I keep Julia on the Taskbar and use Julia as my everyday calculator. This gave me a thought. Why not promote Julia as a high-power calculation or Excel substitute? This would be a great way to introduce many more uses to Julia. Once you get users thinking in Julia, they will naturally evolve in using the more sophisticate features. All it should take is several videos showing how Julia can be used in everyday tasks (a Julia cookbook?). Seems like a natural to me if you don’t mind going a little low brow.
As a calculator, it is pretty much equivalent to R, Python, or any language that supports basic arithmetic.
Going beyond that requires a bit of investment. Which I think is worth it in exchange for its power, but encountering these features accidentally, without some preparation, may just be a setup for frustration.
I am not comfortable with “recruiting” new users this way. I prefer a more explicit management of expectations: making it clear that Julia is a modern language that allows the user to write very fast programs, but requires a bit of learning. It has an expanding ecosystem of libraries, but many of these are work in progress. It has a great community, but users are expected to put some effort into questions.
Why not promote Julia as
“a high-power calculation” - for Julia is too bulky for every day’s routine works…
" Excel substitute" - the Excel first of all is a spreadsheet for noobies, Julia is not…
alltogether - Julia is not optimal for beforementioned tasks or lack some of comfort or functionality.
Excel is neither easy to replace nor “for noobies”:
Powerusers are very much able to do things with it that I (and I’m sure many others) would call witchcraft. Trying to cram Julia in all those use cases seems to me like using the wrong tool for the job, even though there certainly is some overlap.
1 my god, there are many levels of mastery Excel…
2 Julia has NO spreadsheet functionality… and i doubt that it is needed any
I think that Julia has some advantages over Python, at least (I’m not familiar with R), in terms of syntax. Basic numerics and array handling is far simpler and more natural.
Julia does not have spreadsheet functionality, but I have seen many cases of people (painfully) using Excel for classic Julia/Matlab/Python/R tasks(!)
yes, but that theme is from another opera… not from the “Excel substitute” anyway.
Certainly, but eg array handling is stretching the usually understood concept of a calculator. For simple stuff (that covers 90% of what the typical Excel user would use), all modern languages are pretty much equivalent. For the remaining 10%, one would have to be
Not a plug-and-play substitute, but sometimes it’s reasonable to say “You really shouldn’t use Excel for that.”
I’d say it’s not a different opera, it’s from the act where everyone dies while screaming pitifully.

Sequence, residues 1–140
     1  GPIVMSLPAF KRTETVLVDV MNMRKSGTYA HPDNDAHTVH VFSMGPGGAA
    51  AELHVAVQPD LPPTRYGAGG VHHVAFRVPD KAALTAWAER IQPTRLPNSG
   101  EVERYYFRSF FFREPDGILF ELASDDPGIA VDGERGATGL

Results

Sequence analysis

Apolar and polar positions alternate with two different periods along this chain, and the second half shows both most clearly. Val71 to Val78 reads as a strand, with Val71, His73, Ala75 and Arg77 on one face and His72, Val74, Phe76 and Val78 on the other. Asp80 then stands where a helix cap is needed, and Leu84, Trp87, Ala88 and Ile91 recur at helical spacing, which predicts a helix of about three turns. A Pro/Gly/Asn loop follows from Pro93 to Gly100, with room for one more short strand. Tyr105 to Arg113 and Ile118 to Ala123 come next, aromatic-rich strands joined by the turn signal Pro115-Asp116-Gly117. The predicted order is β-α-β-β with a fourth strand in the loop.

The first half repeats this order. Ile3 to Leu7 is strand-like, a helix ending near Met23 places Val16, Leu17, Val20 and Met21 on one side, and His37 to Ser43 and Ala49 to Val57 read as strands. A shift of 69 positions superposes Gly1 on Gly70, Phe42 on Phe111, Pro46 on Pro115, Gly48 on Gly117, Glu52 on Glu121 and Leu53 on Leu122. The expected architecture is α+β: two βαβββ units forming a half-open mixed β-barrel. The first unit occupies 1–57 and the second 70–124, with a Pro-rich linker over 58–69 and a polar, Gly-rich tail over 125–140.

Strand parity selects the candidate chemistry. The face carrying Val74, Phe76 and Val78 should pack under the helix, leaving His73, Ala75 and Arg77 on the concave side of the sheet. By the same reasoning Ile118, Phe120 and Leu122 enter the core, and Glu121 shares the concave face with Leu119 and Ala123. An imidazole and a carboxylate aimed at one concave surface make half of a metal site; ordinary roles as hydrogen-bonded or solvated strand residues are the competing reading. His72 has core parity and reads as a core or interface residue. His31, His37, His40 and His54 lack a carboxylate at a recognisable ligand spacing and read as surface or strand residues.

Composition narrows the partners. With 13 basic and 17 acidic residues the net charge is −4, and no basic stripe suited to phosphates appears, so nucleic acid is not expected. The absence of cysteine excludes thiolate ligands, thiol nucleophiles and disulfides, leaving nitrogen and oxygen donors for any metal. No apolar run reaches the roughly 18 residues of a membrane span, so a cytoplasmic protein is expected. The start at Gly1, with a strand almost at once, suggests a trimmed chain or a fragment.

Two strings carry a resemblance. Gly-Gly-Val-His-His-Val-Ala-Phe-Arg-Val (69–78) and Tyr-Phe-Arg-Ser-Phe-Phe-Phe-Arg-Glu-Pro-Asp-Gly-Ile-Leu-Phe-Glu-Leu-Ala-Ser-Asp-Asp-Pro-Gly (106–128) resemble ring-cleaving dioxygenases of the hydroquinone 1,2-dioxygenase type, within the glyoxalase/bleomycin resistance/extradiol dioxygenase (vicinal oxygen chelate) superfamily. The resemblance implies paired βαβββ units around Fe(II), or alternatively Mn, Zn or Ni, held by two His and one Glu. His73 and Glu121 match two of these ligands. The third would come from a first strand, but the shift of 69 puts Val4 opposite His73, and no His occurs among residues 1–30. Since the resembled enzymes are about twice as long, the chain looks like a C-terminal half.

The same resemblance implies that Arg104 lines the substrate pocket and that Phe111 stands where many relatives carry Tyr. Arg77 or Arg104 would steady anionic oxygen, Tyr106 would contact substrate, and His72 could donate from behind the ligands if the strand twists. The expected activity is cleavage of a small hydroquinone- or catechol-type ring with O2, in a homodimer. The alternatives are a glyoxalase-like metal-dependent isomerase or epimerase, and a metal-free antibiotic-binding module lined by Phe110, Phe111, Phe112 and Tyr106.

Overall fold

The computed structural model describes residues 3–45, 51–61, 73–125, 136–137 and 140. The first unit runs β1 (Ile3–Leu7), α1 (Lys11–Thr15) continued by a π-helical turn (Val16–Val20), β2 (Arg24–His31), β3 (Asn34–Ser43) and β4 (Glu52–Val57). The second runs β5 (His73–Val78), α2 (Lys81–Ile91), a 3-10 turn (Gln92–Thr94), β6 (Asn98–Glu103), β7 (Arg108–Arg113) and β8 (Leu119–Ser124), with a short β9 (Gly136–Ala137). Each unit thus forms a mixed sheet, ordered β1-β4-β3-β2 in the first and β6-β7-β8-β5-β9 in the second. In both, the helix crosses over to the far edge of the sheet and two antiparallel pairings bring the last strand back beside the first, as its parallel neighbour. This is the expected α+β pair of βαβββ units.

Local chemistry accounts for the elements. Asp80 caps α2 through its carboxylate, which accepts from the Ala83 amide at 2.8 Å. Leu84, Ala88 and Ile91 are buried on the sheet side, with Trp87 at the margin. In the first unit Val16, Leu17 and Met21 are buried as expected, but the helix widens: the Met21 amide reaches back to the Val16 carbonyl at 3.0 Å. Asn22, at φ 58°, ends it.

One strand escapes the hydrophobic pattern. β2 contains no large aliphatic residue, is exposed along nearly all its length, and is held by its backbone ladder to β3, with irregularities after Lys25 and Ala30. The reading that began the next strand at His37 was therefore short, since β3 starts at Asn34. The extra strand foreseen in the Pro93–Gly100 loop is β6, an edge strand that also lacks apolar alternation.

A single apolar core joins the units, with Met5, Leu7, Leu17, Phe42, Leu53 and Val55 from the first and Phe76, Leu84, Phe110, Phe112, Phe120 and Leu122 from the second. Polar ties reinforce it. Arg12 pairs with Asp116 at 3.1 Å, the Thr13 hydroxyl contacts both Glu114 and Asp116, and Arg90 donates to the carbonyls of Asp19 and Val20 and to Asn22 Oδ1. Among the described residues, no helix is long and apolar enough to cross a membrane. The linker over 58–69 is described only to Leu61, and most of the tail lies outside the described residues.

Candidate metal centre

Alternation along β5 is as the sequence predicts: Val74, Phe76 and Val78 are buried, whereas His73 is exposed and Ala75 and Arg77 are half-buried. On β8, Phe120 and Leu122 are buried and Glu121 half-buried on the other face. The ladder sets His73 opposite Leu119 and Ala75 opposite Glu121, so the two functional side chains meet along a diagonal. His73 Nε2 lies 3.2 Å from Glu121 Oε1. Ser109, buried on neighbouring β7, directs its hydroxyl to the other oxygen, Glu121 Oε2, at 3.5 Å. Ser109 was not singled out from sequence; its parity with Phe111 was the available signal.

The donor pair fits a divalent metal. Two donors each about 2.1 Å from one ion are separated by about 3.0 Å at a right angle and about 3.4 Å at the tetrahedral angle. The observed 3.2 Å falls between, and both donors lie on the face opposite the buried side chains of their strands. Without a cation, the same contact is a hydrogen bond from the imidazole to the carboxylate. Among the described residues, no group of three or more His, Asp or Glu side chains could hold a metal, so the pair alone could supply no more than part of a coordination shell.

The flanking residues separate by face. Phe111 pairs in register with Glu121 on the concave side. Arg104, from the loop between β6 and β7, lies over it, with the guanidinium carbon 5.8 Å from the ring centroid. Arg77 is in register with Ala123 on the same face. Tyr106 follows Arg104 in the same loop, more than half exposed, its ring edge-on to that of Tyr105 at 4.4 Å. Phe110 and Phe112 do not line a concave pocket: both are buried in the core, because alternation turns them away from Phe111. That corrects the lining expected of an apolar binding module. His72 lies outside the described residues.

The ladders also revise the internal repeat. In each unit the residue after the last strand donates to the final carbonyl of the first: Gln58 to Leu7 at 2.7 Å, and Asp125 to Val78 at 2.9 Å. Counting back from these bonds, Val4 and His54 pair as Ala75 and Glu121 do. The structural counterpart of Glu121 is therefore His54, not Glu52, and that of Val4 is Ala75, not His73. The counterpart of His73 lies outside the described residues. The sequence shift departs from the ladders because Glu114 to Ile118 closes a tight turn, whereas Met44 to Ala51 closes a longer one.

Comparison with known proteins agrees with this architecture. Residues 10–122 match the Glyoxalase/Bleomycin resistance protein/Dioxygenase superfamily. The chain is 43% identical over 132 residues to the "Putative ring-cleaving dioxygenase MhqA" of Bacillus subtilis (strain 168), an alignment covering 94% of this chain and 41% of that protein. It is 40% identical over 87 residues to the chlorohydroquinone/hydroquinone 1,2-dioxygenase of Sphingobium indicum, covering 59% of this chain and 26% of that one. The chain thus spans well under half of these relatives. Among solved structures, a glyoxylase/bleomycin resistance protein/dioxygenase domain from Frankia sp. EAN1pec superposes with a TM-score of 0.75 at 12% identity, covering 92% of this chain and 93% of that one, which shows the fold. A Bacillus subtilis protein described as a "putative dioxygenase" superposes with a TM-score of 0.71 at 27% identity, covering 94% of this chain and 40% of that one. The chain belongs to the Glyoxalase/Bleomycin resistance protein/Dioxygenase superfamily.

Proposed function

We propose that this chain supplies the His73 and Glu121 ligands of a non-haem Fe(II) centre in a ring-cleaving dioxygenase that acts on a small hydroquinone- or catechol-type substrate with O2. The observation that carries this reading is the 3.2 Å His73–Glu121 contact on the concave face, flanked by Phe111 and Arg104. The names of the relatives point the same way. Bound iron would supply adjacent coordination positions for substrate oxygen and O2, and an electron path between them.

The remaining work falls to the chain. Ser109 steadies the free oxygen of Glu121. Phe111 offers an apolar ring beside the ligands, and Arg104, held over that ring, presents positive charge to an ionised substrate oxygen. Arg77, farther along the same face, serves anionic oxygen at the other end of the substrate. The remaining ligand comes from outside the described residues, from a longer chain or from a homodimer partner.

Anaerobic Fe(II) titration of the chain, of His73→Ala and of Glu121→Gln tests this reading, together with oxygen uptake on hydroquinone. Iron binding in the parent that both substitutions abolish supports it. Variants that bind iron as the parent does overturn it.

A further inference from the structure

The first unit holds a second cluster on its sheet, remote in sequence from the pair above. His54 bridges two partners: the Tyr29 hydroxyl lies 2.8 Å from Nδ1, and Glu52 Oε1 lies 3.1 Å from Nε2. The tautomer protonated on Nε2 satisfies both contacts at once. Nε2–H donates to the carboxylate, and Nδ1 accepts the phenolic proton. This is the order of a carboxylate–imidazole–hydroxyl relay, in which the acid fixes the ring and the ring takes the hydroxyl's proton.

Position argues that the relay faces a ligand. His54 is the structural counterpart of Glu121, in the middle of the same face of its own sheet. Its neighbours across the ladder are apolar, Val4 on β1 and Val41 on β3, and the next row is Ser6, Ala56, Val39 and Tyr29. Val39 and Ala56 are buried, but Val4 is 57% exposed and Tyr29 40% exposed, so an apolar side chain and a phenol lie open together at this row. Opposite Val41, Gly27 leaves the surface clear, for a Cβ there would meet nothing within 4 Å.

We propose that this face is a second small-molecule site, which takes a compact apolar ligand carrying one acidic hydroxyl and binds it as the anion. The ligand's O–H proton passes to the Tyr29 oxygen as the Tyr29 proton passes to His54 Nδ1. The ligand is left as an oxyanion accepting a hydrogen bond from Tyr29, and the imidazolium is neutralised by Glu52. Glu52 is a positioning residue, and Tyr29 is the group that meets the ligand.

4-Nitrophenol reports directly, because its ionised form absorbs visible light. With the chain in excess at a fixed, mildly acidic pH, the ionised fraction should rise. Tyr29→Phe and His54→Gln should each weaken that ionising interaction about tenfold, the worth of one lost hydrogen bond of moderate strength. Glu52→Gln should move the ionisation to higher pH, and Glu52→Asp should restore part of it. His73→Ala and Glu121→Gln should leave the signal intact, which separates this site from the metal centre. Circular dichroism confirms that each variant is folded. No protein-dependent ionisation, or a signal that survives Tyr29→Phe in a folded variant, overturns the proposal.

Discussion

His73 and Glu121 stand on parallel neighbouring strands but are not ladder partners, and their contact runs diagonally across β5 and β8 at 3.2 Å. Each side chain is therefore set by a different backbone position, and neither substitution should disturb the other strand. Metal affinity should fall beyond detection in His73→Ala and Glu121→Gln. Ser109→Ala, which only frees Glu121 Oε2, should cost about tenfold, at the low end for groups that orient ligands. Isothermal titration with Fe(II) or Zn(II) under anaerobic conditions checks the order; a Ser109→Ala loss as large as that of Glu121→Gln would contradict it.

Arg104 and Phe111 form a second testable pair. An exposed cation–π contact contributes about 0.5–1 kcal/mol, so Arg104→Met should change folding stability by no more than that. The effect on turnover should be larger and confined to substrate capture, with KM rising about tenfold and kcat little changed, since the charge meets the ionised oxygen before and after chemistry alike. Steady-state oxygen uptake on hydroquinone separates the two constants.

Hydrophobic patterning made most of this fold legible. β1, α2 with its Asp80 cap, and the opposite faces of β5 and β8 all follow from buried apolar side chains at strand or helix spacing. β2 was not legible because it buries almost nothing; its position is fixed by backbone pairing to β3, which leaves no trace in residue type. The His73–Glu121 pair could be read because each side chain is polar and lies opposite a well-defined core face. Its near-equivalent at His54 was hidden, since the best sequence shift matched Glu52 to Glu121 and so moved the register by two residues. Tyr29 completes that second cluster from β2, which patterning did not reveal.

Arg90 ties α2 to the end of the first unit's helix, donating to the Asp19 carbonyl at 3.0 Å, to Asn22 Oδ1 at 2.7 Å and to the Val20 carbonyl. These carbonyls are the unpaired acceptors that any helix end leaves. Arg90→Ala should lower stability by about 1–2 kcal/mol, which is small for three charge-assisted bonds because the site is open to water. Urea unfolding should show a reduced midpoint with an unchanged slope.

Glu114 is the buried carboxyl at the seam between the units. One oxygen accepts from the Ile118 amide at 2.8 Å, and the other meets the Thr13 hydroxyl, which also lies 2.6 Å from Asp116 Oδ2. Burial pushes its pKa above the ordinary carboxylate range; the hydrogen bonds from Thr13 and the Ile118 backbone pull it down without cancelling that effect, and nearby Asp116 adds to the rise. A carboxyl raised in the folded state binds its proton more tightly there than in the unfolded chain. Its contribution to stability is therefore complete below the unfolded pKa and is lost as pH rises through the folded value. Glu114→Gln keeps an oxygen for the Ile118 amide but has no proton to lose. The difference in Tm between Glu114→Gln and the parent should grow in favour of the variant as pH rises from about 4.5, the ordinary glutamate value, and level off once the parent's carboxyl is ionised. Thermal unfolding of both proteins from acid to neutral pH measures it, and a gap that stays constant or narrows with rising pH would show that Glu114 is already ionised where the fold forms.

hhmm maybe more promising will be reflections about good import\export into Excel package or to say about Julia usage as background engine with some opened spreadsheet api (like google tables)…
of course I just implied that original topic was “about something else”
Having a table editor with basic functionalities would be great.
There’s some experimental work on Juno on that front I think. Though it might just be display stuff and not actually editing - not sure.
For viewing tables
If you want something that’s more like a spreadsheet in the terminal, there is
Maybe somebody could interface it with Julia
My primary point is to find ways and encourage the use of Julia in everyday calculation tasks so one would get more practice in thinking in Julia terms and not necessarily as a direct substitute for Excel. I would guess the more one uses Julia the more proficient one will become.
I don’t see it as a replacement for Excel, but as a calculator I think Julia is great and don’t see why it couldn’t be promoted that way. The command history and variable assignment for example are great features which I don’t think are too difficult to grasp (compare with the “memory” feature of a calculator).
I think Google’s calculator (in the search box) is hard to beat though when it comes to convenience and user friendliness, especially if you also want to do unit conversion or base conversion.
It has much slower startup than a typical calculator (which can be <0.1s on a modern system), also installing Julia just to get a calculator is probably overkill.
Which is fine, it was not meant to be a calculator, but a very advanced programming language. The fact that one can use most modern interactive languages as “calculators” does not mean that they are the best tool for the job (unless, of course, one already uses them for something else, probably programming, then availability & familiarity are dominant aspects).